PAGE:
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A group of bluehead wrasse (Thalassoma bifasciatum) shoal above a reef at St. Croix, U.S. Virgin Islands.

A group of bluehead wrasse (Thalassoma bifasciatum) shoal (group together) above a reef at St. Croix, U.S. Virgin Islands. Shoaling is a common anti-predator behavior for reef fishes such as the bluehead wrasse. Many reef fish species form large, very dense shoals as juveniles. A recent study found that there is safety in numbers at small spatial scales: solitary bluehead wrasse had higher mortality rates than conspecifics in groups. The same study also found that the inverse is true for wrasse morality when measured at larger spatial scales. This photograph originally appeared on the cover of Ecology (88:12) in December of 2007.
Cumulative Rating: This resource has a 2 star rating (based on 1 response)
Primary or BEN resource type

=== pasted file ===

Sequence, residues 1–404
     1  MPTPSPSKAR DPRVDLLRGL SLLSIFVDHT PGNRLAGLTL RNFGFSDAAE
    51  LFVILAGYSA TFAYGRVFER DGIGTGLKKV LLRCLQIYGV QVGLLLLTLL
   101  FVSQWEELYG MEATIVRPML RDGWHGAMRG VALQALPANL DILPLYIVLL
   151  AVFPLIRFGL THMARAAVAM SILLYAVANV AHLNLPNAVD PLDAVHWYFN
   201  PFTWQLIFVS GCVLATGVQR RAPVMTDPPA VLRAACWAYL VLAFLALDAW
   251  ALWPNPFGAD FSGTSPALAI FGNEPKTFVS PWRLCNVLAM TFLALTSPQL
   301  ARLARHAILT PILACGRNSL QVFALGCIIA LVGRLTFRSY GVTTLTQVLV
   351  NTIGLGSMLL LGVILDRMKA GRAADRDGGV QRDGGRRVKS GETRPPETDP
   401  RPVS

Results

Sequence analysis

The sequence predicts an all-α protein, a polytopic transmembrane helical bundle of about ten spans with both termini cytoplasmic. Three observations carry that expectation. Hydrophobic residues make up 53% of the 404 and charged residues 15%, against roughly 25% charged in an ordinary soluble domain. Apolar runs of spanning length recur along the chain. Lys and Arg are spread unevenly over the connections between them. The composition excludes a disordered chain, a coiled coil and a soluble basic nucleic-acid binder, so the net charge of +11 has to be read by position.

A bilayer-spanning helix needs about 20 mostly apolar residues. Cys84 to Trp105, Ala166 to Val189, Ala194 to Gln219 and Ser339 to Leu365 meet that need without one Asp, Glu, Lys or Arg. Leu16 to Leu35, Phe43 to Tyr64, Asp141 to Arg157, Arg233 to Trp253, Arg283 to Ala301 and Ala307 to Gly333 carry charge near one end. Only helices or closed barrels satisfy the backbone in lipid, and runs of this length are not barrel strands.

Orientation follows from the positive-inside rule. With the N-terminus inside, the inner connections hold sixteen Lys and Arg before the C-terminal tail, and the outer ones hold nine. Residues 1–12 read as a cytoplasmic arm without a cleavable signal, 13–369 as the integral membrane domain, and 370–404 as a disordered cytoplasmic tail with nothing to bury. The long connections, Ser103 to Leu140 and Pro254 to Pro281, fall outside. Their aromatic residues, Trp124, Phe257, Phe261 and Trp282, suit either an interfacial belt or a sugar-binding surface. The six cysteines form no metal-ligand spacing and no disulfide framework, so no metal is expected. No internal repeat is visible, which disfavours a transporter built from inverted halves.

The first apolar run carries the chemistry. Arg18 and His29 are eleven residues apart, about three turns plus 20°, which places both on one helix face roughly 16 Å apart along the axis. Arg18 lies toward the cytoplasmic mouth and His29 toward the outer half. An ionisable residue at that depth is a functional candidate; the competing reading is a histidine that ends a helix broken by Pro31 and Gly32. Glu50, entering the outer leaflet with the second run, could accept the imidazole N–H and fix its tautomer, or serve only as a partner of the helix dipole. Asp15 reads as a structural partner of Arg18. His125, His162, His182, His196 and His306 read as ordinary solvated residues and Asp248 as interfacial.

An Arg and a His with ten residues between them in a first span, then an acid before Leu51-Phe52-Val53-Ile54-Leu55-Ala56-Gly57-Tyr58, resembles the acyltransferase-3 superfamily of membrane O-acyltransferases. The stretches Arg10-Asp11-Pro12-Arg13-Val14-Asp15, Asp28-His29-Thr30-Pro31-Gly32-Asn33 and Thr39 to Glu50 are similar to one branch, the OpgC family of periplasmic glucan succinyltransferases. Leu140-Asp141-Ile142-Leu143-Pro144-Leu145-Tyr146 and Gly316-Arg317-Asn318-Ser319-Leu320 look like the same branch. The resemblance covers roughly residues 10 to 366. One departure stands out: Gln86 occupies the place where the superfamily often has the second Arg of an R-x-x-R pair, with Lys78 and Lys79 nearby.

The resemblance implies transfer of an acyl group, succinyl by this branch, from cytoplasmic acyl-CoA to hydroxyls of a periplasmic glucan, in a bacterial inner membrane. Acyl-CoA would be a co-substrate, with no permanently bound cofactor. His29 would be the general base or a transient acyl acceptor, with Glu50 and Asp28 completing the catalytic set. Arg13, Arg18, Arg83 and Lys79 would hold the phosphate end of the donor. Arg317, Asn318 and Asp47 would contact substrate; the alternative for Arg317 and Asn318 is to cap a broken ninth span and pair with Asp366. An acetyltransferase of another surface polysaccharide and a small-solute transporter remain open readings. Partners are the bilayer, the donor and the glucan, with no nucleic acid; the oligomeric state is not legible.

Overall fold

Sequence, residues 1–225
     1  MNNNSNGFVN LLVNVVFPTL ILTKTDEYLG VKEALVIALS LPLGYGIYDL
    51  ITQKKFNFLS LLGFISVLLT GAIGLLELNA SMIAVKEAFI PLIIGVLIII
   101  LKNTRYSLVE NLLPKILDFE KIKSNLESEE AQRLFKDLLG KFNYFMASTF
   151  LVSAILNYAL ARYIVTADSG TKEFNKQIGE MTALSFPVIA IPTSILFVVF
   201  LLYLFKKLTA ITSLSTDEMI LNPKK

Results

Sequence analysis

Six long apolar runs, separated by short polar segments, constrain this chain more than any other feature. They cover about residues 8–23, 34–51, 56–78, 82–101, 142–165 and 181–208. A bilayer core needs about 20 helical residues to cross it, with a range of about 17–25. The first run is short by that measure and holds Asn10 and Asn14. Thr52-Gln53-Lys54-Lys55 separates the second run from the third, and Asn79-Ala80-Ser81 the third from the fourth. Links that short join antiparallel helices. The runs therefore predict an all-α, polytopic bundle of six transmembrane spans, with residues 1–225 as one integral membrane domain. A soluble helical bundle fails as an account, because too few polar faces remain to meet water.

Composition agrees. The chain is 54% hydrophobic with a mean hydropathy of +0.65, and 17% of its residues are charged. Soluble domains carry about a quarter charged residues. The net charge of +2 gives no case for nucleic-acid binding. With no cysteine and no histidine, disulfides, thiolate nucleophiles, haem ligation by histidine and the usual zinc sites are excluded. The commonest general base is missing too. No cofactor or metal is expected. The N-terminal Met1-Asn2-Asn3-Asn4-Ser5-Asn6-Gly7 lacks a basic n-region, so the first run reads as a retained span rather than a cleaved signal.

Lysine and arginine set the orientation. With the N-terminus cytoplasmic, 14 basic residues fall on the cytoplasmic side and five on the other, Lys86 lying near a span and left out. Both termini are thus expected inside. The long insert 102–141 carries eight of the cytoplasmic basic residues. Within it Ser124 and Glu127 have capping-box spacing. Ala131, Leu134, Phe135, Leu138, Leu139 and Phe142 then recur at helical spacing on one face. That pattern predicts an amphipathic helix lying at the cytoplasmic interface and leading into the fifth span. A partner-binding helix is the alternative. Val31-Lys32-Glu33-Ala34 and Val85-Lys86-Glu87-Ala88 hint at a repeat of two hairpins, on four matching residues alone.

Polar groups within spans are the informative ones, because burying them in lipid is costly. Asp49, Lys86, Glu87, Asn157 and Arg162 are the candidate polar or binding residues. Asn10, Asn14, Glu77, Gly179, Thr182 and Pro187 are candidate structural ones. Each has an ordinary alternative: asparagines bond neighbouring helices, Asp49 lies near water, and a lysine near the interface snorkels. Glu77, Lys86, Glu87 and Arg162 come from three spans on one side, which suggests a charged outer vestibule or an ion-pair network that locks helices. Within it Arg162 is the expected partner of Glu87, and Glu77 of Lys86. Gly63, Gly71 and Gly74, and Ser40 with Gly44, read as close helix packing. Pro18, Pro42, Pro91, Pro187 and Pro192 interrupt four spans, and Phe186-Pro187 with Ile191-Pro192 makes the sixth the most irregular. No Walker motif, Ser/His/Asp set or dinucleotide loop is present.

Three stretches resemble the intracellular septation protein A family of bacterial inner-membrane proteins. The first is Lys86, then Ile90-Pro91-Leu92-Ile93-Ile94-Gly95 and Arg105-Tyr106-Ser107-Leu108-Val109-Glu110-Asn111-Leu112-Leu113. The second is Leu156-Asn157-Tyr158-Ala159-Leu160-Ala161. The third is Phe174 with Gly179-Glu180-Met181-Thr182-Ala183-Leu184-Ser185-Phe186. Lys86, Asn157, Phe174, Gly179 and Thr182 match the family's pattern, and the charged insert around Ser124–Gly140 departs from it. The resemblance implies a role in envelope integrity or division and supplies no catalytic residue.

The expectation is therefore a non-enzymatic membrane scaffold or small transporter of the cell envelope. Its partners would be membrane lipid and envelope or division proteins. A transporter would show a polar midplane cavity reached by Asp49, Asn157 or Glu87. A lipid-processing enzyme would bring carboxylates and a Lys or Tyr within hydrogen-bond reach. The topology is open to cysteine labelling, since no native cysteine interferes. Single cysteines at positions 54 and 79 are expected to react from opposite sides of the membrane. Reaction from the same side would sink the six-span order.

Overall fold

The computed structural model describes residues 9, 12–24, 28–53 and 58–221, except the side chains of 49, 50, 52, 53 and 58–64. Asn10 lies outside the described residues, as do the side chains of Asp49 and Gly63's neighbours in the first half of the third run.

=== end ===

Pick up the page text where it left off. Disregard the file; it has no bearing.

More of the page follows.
Discipline Specific Core Concepts
Life science discipline (subject)
Keywords Thalassoma bifasciatum, bluehead wrasse, shoal, aggregate, social, behavior, fish, aquatic, marine, coral reef, anti-predator, Virgin Islands, St. Croix
Intended End User Role
Educational Language
Pedagogical Use Description This photograph could be used to illustrate fish, coral reef species, social behavior, anti-predator behavior, or fish shoaling.
Primary Author Controlled Name
Primary Author Affiliation University of California, Davis
Primary Author email
Rights Copyright 2007 by the Ecological Society of America.
Date Of Record Submission 2008-04-08

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